Answer: Prioritizing schoolwork without sacrificing your mental health requires careful planning and time management. Set realistic goals and be kind to yourself when things don't go according to plan. Avoid overburdening yourself with too much work, and don't be afraid to seek help or support when you need it.
  10. Where can I find resources for managing mental health during the back to school season?
    Answer: Resources for managing mental health during the back-to-school season are available through a range of sources, including schools, mental health organizations, and online resources such as blogs and podcasts. Consider seeking support from a counselor or therapist, or reaching out to a mental health hotline for immediate assistance.

Ways to Unwind and Relax

Meditative, Relaxing, Mental Health Coloring books developed by licensed psychotherapists Randi Owsley and Jessica Bullwinkle – Available on Amazon Today!

The Secret to Making Back to School Mental Health Easy: Prioritizing Self-Care and Routines

[00:00:00] Randi: Welcome to the Women's Mental Health Podcast with Randi and Jess, two licensed psychotherapists, where we talk about mental health, well being, and strategies for coping with life's challenges and how it's all normal and you're not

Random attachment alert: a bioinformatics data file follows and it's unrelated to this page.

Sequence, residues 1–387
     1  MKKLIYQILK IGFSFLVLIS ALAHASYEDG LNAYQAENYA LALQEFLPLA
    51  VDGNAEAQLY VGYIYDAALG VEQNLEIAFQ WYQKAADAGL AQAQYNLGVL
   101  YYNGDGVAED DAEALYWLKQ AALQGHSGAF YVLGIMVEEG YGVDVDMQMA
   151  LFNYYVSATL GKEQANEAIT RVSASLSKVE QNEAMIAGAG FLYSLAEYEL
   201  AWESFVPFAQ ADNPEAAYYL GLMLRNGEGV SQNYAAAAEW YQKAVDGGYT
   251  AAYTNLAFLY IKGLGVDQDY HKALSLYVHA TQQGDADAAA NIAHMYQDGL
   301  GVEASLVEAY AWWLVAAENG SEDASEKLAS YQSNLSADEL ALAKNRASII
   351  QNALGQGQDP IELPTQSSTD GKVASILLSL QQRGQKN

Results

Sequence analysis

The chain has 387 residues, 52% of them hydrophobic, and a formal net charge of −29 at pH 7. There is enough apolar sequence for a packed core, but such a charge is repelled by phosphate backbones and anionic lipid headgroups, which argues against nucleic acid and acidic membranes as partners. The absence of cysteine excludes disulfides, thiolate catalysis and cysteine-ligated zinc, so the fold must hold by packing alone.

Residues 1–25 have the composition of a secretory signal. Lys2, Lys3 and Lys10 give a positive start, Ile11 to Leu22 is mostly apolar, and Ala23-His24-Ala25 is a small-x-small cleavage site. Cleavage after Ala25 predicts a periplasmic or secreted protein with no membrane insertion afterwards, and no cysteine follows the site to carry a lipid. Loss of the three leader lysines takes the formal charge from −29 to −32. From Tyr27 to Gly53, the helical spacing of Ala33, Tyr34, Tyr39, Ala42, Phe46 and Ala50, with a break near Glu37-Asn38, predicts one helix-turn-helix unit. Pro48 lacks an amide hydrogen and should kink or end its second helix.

[00:00:11] Jess: You are so not alone and you are in the right place, my friends.

[00:00:15] Randi: In this episode, we are diving into the essential topic of resetting for academic success in our back

[00:00:21] Jess: I can't believe we're saying back to school already. I can't believe it. Okay. We will be sharing valuable tips on transitioning from summer. To the school routine, um, establishing healthy, you know, habits and effective time management strategies because I know I need those.

[00:00:37] Randi: So

whether you're a busy mom, you have multiple roles, you're a working mom, you're a stay at home mom, you're going back to college, or you just need some more self care and coping skills, this episode is going to provide you with the guidance you need to reset and start the school year off right.